Participants: Centro de Derechos Reproductivos, Red Legal Canadiense de VIH/SIDA, Fundación Xochiquetzal de Nicaragua
Topics: Rights of Women
Update: On October 26, 2010, in a topical hearing addressing reproductive rights of women with HIV/AIDS in the Americas, four non-governmental organizations (“NGOs”) testified on the disparity in access to medical treatment and information for women living with HIV/AIDS. The NGOs, Center for Reproductive Rights , Fundación Xochiquetzal de Nicaragua, Red Balance , and Canadian HIV/AIDS Legal Network, focused on Chile, Nicaragua,Mesoamerica, and Canada to exemplify the failures and the successes on reproductive rights issues facing women with HIV/AIDS.The right to health has been enshrined in several topical reports produced by the Inter-American Commission on Human Rights (“Commission”) as a right created by Article 5(1) (Right to Personal Integrity) of the American Convention on Human Rights (“ACRH”). This hearing also addressed the Right to Privacy (Article 11) as it applies to some medical treatments forced upon women with HIV/AIDS. The NGOs were seeking the Commission’s focus on this topic in further studies of health and women’s rights.The NGOs represented a spectrum of progress, ranging from countries like Chile that have laws that aim to protect women with HIV/AIDS but lack the practical application of those laws, to countries such as Canada, which has a comprehensive program for testing but whose guidelines for that testing have been blurred into a potential Human Rights violation.Suzannah Phillips, Legal Fellow at the Center for Reproductive Rights, presented a grave situation of women with HIV/AIDS in Chile. Despite legislation encouraging fair treatment, discrimination against women with HIV/AIDS is still rampant in Chile through forced sterilization, unreasonable wait times at urgent care and emergency facilities, and degradation of HIV-positive mothers.
Eugenia López Uribe, General Coordinator at Red Balance, described a similar situation in Mesoamerica. In addition to the practices discussed by Phillips, Lopez Uribe emphasized a lack of information that leads HIV positive women to avoid getting pregnant and seek out abortions for fear of transmission to their babies.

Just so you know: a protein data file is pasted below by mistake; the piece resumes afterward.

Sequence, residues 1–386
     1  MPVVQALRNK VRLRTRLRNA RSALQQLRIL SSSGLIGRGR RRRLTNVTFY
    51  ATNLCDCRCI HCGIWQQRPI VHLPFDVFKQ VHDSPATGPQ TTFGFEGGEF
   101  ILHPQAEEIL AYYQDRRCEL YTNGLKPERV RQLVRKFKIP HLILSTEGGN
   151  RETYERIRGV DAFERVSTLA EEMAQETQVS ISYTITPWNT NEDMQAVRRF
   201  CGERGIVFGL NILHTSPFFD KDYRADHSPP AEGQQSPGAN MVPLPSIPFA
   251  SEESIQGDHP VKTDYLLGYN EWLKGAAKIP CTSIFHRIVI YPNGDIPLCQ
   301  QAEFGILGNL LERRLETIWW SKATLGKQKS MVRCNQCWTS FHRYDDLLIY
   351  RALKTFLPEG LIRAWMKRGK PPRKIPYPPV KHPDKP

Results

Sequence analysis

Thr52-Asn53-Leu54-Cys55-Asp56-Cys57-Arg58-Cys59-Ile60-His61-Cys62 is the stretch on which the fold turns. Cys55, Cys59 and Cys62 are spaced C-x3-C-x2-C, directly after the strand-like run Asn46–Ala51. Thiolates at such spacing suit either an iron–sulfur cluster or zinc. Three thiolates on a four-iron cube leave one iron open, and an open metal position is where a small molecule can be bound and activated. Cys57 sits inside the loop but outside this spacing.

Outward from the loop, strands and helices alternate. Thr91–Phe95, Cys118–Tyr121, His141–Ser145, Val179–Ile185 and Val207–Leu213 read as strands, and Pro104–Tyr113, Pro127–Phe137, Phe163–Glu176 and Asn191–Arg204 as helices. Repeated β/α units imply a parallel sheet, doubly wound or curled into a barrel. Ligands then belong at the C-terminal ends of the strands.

Ximena Gutierrez, with Fundación Xochiquetzal de Nicaragua, said that the discrimination against women with HIV/AIDS not only impacts the health of the women, it perpetuates poverty as well. Women with HIV/AIDS are routinely denied loans because lenders think they will die before paying the loan back.
Patricia Allard, Deputy Director of the Canadian HIV/AIDS Legal Network, spoke about Canada’s success with a simple “VCT” testing program. VCT stands for Voluntary, Counseling, and Testing, which Allard cites as quite successful in provinces that implement it properly. Some provinces chose an “opt-out” method where the test is administered unless explicitly declined by the patient.
The representatives presented the Commissioners with two reports. The first, a report by the Center for Reproductive Rights called Dignity Denied, focused on the reproductive rights of women with HIV/AIDS in Chile. The second, Prevention and Protection, was provided by the Canadian HIV/AIDS Legal Network and included twenty recommendations for improvement in HIV/AIDS testing.
The petitioners argued for increased access to information and to education, both about HIV/AIDS and in general, to support women’s ability to better control their sexual choices in relationships. They supported prevention policies, training of health care workers, and better testing practices.
The questions from the Commissioners were brief, with the promise to continue the conversation through email. Commissioner Dinah Shelton asked what good practices could be gleaned from the research done by the petitioners, and if there was case law that could give guidance on how to handle the educational and informational gap for women with HIV/AIDS. Commissioner and Rapporteur on the Rights of Women Luz Patricia Mejía Guerrero asked about the obstacles countries would face implementing HIV/AIDS programs directed at women.
Lilian Sepúlveda, Deputy Director of International Legal Program & Regional Manager for Latin America and the Caribbean at Center for Reproductive Rights, noted that Canada’s model, when used properly, is a good practices example for testing that should be encouraged. She used Chile as an example where a large obstacle exists: a gap between laws and practices. For instance, she noted, Chile does not provide sensitivity training for its health care workers.
Another obstacle is that women with HIV/AIDS and their special health issues are not visible enough. “HIV programs do not consider women’s reproductive rights at all,” Lopez Uribe said, following the hearing.
All petitioners encouraged the Commission’s swift action. Allard reiterated the urgency, noting that a strong international message by the Commission can impact Canada as they revisit their HIV testing guidelines.